Photo Reflection and Critique

Updated on August 30, 2017 in Photography
7 on August 28, 2017

I was inspired by this “Intimate interview with Eric Kim” by Arek on photography, life, and philosophy and thought about doing something fun and experimental here. 

  1. Post a photo that you took for critique that reveals something about you–it could be something personal or something that sparks emotion.
  2. Pose a question about photography or philosophy for the next person.
  3. Each person who posts a photo must leave a photo critique on at least 3 photos and answer the previous question.

I will go first:

Photo:

Question: How does photography influence the way you remember? Are there things you did/ did not photograph that you remember more powerfully?

 
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2 on August 30, 2017

Question: Do you use post-processing for its own effect, or do you use it as minimally as possible to preserve the “original” image? Is a lens’s focal length, an in-camera effect like slow shutter speed or bokeh, or shooting in black-and-white “processing” in the same way that photo editing software is?

on August 30, 2017

@RyanPSt I like the feel of this photo and the round colored lights contrasted with the brambly branches scattered throughout the frame. I think this would work stronger together as a series with other photos if you were telling a story woven together by color, lights, or nature/trees.

To your question about post-processing, I do not believe in the ‘descriptive’ or ‘objective’ image. For me, post-processing is just part of the tools to convey emotion and story. If the ‘tool’ is in camera or post, it doesn’t matter as long as the image, feeling, and story is strong.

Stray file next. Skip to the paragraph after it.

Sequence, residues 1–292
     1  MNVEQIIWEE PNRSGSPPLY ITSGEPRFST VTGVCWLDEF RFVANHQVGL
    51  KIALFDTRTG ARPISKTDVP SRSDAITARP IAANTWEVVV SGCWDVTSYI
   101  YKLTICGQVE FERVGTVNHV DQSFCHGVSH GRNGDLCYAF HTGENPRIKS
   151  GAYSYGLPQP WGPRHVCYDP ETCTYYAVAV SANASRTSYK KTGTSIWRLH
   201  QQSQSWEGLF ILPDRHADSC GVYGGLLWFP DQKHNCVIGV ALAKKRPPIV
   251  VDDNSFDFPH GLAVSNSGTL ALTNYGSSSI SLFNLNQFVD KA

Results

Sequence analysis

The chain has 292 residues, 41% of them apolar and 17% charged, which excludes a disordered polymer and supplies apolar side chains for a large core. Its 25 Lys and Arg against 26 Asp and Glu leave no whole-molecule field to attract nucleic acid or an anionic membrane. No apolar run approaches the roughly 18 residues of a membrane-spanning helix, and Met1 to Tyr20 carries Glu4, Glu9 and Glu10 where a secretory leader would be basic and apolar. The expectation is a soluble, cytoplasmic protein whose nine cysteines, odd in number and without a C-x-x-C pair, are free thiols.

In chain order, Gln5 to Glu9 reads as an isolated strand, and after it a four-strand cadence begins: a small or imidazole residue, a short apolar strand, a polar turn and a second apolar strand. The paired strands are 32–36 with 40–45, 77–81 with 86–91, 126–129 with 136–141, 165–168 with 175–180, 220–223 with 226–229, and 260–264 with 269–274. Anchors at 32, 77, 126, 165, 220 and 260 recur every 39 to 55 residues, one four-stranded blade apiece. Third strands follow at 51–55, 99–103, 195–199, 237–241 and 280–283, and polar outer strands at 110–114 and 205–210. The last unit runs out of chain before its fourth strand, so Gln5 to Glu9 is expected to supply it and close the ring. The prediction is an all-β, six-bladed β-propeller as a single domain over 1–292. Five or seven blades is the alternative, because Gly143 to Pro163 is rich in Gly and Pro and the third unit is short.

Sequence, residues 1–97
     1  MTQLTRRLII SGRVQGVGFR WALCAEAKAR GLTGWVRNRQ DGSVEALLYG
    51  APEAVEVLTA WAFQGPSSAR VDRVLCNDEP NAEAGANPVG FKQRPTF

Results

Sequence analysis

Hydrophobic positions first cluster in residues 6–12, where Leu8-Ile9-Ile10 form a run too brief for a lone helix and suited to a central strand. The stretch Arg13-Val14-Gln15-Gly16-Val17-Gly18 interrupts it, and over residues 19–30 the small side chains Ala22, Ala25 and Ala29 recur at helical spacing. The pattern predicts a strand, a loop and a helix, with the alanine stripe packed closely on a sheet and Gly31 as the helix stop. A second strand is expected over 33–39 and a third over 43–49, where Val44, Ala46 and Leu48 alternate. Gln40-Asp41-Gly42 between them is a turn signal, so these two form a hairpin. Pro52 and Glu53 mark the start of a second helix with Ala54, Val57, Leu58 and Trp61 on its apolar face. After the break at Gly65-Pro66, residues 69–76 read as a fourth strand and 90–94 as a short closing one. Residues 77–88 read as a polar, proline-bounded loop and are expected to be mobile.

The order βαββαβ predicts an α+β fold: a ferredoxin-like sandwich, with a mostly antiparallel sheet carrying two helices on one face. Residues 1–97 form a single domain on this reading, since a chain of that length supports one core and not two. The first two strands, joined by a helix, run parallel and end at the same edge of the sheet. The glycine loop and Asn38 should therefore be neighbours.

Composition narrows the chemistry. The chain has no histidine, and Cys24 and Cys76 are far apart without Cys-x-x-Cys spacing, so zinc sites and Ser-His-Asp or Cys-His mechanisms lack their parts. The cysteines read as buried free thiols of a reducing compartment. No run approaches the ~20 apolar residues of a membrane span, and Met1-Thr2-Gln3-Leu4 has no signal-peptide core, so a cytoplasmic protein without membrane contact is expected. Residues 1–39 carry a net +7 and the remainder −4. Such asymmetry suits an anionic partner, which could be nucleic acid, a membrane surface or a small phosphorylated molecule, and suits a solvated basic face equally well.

on August 30, 2017

Ryan, I like the feeling of nostalgia in your shot  the green and reds look like apples  yet I want something else in the frame to bite into  and for me, I prefer looking at the original image, because I hate seeing one thing in the viewfinder, and seeing another on my laptop  

 

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2 on August 30, 2017

To answer Cindy,

photography often falsifies what I once “remembered”. It shows my memory is faulty… yet, isn’t my subjective memory more important than the picture, which is more “factual”?

my question, “Is a portrait of a person more about you, or them?”

 

on August 30, 2017

 

To answer Eric,

A portrait it’s about both the subject and the photographer. I have a lot of street portraits and in everyone I stayed with part of their soul impregnated with my feelings at the moment of taking the photo.

on August 30, 2017

Luis: Great moment captured, of a unique character. Nice job.

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0 on August 30, 2017

Nice one Cindy. Love the overexposed hands, wich reflect an intense and pure personal reletionship. Eric’s face confirms it

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